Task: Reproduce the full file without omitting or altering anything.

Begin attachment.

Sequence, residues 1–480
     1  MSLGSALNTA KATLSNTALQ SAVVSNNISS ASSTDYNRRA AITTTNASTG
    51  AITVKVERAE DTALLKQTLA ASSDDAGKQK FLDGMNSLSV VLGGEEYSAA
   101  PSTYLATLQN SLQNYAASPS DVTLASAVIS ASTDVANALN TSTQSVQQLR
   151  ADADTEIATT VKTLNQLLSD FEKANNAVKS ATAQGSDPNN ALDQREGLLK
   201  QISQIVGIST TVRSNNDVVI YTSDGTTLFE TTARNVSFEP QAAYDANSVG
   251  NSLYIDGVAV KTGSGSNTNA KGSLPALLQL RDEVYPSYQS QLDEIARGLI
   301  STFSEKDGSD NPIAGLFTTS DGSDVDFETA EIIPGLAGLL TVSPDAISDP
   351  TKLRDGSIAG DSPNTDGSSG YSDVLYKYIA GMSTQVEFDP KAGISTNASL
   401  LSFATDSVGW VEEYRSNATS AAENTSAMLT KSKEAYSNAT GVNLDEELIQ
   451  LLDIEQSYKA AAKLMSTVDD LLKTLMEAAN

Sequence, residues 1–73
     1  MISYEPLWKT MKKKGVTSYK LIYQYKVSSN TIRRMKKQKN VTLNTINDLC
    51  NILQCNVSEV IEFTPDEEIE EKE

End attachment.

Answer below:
Sequence, residues 1–480
     1  MSLGSALNTA KATLSNTALQ SAVVSNNISS ASSTDYNRRA AITTTNASTG
    51  AITVKVERAE DTALLKQTLA ASSDDAGKQK FLDGMNSLSV VLGGEEYSAA
   101  PSTYLATLQN SLQNYAASPS DVTLASAVIS ASTDVANALN TSTQSVQQLR
   151  ADADTEIATT VKTLNQLLSD FEKANNAVKS ATAQGSDPNN ALDQREGLLK
   201  QISQIVGIST TVRSNNDVVI YTSDGTTLFE TTARNVSFEP QAAYDANSVG
   251  NSLYIDGVAV KTGSGSNTNA KGSLPALLQL RDEVYPSYQS QLDEIARGLI
   301  STFSEKDGSD NPIAGLFTTS DGSDVDFETA EIIPGLAGLL TVSPDAISDP
   351  TKLRDGSIAG DSPNTDGSSG YSDVLYKYIA GMSTQVEFDP KAGISTNASL
   401  LSFATDSVGW VEEYRSNATS AAENTSAMLT KSKEAYSNAT GVNLDEELIQ
   451  LLDIEQSYKA AAKLMSTVDD LLKTLMEAAN

Sequence, residues 1–73
     1  MISYEPLWKT MKKKGVTSYK LIYQYKVSSN TIRRMKKQKN VTLNTINDLC
    51  NILQCNVSEV IEFTPDEEIE EKE